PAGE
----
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post Sep 27 2015, 08:46 PM
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This came up in a WIP thread and since many I think get confused on the subject of image Resolution or more specifically what it means vs Quality of an image, I put this overview with examples together.

First and foremost 'Resolution' is not a number when you are using it to describe a images quality, resolution is short for "print resolution" or the commonly used DPI which sets the print resolution or dot spacing on a printer.

High resolution and low resolution are terms that generally, when you speak of graphics, the speaker means "Quality" or better to the point "How an image looks".

There is no number for that, one must rely on their eyes to decide is the this image, clean, sharp, detailed, color corrected, levels adjusted and so on.

As a general rule larger images both in pixel count and file size tend to be better "quality wise", that is not guaranteed and of the two file size actually is the best indicator because the larger the file in bytes the more pixel data or image information it contains.

As images are compressed when saved this means all jpegs and pngs have some amount of pixel data that is thrown away, never to be seen again.

So the more compression that is used on a image the smaller the file size will get, this is done to make files more manageable sadly the side effect of that is it destroys the image quality if it's compressed too much because too much pixel info is discarded.

This makes it possible for example, that you could find an image online, on several different sites, in the exact same pixel dimensions on all sites--but for it be very different "quality wise" from site to site, depending on a number of factors including the number of times it may have been re-sized and/or re-saved and at what settings.

Many web sites re-size images as they are uploaded to save space this of course lowers image quality and this is why Google is a poor choice for finding images as it is clueless on what a good image looks like.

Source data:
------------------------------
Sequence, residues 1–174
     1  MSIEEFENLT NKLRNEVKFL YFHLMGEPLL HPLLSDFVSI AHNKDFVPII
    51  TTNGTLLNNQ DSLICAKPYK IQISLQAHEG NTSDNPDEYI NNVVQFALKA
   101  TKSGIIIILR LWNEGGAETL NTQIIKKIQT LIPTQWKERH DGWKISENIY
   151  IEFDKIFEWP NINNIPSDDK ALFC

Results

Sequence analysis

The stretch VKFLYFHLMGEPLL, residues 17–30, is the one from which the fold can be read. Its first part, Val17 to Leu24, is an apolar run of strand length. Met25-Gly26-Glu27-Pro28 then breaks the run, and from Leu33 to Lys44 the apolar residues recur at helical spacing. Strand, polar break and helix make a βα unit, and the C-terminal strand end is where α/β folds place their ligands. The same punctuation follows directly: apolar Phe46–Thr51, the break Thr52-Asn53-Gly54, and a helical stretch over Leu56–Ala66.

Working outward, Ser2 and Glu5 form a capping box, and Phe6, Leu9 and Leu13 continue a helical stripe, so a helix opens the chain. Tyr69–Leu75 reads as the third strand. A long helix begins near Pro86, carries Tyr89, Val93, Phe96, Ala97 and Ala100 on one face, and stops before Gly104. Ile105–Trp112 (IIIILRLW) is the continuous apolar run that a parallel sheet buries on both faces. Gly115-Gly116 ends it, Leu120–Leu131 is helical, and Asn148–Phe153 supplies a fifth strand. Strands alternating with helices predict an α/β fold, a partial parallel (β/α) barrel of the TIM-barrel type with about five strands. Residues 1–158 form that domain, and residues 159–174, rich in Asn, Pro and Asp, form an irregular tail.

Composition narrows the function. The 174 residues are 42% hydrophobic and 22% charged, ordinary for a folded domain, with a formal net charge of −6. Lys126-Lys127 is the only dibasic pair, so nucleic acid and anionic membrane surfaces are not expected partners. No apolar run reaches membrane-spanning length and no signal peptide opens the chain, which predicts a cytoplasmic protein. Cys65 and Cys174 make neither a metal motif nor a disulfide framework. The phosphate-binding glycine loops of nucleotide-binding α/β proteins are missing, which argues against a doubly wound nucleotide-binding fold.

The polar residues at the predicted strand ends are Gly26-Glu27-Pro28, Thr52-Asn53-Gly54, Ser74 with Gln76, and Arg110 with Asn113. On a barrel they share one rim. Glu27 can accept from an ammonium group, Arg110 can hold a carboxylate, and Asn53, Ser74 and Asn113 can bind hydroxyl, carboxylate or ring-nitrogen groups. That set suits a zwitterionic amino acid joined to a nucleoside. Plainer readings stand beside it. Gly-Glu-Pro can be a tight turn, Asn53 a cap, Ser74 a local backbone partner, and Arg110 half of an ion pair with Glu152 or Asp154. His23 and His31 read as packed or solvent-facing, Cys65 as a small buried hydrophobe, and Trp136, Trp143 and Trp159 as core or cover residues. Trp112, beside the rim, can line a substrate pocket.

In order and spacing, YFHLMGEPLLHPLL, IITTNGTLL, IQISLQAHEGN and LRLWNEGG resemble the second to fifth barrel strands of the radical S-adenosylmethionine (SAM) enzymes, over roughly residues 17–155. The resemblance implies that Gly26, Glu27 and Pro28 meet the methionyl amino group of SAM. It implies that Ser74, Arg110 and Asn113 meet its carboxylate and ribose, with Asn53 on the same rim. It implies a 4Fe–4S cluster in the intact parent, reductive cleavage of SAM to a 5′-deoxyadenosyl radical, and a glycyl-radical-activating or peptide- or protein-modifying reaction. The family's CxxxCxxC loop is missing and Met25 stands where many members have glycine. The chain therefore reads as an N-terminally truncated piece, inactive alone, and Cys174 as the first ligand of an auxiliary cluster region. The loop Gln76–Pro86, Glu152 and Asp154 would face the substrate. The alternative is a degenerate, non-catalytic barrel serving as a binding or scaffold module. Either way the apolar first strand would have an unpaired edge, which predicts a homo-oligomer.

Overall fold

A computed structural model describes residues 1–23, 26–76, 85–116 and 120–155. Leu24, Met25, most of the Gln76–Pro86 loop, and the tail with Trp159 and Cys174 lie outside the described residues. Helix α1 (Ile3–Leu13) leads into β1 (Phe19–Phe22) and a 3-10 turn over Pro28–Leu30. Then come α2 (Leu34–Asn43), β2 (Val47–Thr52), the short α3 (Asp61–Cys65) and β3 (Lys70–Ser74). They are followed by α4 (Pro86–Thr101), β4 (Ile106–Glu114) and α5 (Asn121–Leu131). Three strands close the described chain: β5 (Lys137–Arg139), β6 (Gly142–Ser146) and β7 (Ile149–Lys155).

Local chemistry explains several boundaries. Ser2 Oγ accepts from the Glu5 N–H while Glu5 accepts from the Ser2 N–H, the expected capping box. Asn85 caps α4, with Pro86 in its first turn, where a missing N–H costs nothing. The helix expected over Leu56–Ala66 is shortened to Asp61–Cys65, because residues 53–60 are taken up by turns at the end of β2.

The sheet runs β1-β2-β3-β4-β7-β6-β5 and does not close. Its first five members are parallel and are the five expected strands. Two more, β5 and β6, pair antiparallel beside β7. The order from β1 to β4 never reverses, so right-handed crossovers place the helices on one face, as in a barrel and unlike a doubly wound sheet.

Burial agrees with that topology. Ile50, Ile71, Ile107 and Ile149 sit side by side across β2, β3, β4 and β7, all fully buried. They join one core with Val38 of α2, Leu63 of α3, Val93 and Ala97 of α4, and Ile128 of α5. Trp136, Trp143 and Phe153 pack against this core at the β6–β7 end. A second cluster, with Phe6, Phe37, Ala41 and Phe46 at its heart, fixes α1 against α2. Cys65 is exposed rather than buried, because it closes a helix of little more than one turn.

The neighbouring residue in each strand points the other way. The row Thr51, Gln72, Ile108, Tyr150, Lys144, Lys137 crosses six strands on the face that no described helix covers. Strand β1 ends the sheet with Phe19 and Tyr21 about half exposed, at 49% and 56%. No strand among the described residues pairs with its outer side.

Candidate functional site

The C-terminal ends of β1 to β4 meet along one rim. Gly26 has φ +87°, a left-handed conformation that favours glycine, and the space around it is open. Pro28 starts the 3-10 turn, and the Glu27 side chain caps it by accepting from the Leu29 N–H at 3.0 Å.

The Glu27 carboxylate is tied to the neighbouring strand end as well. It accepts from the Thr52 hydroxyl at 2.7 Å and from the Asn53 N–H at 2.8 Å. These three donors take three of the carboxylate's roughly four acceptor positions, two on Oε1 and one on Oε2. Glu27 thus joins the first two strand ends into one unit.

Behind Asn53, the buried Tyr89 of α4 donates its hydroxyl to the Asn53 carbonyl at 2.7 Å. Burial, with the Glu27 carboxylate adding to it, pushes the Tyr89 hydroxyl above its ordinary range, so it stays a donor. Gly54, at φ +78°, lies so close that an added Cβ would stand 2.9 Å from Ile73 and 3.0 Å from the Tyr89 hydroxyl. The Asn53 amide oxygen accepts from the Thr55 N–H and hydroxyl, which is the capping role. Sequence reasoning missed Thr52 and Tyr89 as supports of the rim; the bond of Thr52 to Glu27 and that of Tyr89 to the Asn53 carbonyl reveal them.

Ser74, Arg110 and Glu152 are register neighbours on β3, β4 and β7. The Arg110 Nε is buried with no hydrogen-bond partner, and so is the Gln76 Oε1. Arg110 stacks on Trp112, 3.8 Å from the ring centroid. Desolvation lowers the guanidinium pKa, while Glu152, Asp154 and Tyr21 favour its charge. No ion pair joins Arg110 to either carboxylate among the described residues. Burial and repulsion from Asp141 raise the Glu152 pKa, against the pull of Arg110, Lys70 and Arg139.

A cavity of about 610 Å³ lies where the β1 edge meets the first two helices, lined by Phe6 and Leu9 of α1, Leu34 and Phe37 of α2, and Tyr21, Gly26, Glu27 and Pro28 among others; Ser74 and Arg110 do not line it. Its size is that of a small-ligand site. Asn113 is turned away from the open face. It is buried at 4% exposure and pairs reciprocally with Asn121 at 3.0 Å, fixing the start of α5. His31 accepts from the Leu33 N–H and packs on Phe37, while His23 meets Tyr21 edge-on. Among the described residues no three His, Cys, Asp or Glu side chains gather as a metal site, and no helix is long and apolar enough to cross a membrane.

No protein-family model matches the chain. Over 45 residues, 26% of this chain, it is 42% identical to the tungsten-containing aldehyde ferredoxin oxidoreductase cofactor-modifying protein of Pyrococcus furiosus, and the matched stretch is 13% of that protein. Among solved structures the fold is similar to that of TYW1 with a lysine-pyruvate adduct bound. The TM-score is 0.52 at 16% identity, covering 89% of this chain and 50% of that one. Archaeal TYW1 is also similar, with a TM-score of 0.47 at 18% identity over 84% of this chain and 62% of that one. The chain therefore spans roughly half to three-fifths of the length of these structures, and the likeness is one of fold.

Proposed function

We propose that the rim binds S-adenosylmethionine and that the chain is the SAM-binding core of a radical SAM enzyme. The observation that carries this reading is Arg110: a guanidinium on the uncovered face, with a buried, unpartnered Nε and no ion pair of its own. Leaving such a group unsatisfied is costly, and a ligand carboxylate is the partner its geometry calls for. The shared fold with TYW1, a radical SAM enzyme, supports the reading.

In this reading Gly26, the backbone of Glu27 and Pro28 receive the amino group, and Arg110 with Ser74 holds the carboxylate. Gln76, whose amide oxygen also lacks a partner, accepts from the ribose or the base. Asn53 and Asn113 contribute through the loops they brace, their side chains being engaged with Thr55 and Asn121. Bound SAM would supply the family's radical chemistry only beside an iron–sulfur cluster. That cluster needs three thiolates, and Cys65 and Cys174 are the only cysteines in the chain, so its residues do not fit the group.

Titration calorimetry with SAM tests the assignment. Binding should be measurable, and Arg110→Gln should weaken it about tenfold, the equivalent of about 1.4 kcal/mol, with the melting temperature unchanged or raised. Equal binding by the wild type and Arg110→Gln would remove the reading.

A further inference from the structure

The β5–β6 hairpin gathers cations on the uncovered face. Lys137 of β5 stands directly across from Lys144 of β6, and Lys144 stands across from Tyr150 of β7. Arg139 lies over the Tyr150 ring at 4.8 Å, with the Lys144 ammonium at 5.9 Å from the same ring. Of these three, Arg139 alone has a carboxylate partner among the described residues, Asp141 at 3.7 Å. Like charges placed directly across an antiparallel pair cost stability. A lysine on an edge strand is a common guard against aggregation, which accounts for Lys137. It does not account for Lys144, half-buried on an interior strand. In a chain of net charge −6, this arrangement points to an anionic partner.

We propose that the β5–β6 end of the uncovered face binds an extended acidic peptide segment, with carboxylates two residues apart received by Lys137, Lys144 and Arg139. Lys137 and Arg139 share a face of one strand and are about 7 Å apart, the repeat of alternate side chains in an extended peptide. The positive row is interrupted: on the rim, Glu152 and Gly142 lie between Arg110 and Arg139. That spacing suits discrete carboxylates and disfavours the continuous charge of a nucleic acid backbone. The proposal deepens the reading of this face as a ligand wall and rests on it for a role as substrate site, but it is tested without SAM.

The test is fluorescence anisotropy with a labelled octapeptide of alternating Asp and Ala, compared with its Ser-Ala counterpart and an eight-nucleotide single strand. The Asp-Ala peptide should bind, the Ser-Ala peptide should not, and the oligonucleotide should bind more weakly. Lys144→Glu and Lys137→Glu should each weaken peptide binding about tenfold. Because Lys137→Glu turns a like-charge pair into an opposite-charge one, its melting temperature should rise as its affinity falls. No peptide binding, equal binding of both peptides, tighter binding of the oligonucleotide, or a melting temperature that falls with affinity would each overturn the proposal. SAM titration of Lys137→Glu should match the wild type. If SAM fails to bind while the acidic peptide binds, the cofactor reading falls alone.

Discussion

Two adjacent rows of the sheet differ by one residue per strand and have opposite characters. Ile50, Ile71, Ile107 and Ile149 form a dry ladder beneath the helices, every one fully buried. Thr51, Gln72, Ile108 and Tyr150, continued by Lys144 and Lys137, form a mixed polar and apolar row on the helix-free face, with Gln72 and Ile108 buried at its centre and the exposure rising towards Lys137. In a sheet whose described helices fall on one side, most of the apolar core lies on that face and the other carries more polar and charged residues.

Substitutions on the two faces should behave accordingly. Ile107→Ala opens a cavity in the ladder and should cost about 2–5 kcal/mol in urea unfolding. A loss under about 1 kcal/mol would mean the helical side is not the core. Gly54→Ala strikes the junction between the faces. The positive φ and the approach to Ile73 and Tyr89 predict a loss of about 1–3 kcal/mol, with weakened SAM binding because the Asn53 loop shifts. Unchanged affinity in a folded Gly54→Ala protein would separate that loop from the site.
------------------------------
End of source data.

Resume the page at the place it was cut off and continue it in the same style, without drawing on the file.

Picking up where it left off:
The highest quality images come directly from the studio publicly sites as they have been altered the least in most cases.

Here's and example, this is a crop taken from a publicity photo from the studio the original image was a 5000+ pixel 14mb jpg.

This was just cropped and saved from that original image with no compression, it's 2000px and it's 2.47mb in size.

This one is the exact same source image, same crop and is still the same physical size 2000px none of that has been changed but it has been heavily compressed to shrink the file size which is now only 121kb in size.

Notice in the circled area when viewed at 100% the pixels have become very pixelated or "blocky" this is a common indicator of over compression, no specification or number contained in the file can tell you this you just have to look at it with your eyes on a good monitor to see it, the fact the file size is small as I said at the beginning would be a flag but you con't rely on file size either to say for sure if a image is good or bad "quality" wise.

Also notice the loss of detail in the eyebrow and the hair strands on the right side still if you looked at thumbs or scaled down versions like previews on Google or some other image site they would look almost identical, even scaled down to just 50% as they are above they look almost the same, you just can't see the bad stuff until you get the image zoomed up to 100% or viewed at full-size.

Side by side close up.
Attached Image

Another little note some colors are affected more by compression than others, red for example tends to be the worst, notice how the red circle in my example was really affected by the high compression setting in the second image, this is true of all red's in images.



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post Sep 28 2015, 12:56 AM
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